History of MRS
MRS Public Garden
Bronze Medal Awards
Rose of the Month For April, 2011
by Frank Treadway, Consulting Rosarian
Peter Beales introduced this gallica in 1982, just before James Mason’s death in 1984. James Mason, a well known British actor, was an avid rosarian and a lover of cats. He and his wife, Pamela, wrote a book about their cats and James illustrated it. Due to his keen interest in roses, the James Mason Medal is granted in his honor by the Royal National Rose Society to a rose that has given special pleasure over the past fifteen years. Winners include ‘Elina’ in 1994 and ‘Freedom’ in 1997.
The rose named for him is very handsome and sophisticated in a style that reminds us of his many roles in films. His voice was distinctive and propelled him into important roles from Shakespeare (Brutus in Julius Caesar) to leading roles in modern dramas. He was considered for the lead in the James Bond films that was later filled by Sean Connery. Mason was not formally trained in acting but studied architecture at Cambridge and joined some theatrical productions there and went to the Old Vic Theater in London for the beginning of a stage career. He could play a sinister villain, the anti-hero character or the obsessed Humbert Humbert in Lolita! These roles earned him three nominations for an Academy Award that he sadly did not win.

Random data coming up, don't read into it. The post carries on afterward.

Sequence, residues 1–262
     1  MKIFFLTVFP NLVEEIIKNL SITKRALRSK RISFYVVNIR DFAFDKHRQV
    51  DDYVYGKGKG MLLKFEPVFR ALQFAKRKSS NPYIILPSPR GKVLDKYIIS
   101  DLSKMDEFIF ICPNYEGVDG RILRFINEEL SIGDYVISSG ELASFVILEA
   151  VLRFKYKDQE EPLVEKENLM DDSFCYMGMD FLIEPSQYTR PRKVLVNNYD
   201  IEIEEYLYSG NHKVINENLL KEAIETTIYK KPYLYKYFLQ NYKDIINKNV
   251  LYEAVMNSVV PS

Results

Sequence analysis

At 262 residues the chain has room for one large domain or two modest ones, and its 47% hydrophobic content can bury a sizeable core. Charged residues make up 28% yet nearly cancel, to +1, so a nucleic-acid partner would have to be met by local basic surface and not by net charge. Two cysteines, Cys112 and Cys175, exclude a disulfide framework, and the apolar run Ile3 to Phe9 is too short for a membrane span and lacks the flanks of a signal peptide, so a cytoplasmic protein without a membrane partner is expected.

The ‘James Mason’ rose certainly attracts attention due to its brilliant scarlet petals. Gallicas are an old garden rose class that were popular in the 1800s. Very few modern hybrid gallicas have been introduced and this one is very successful. It is reported to be easy to propagate from its suckers. It is a star of a rose named for a brilliant actor.
Breeder: Peter Beales, 1982
Photo of 'James Mason' by Lydia Treadway.
Return to the Main Page
All Rights Reserved
Last Modified: 08/06/2013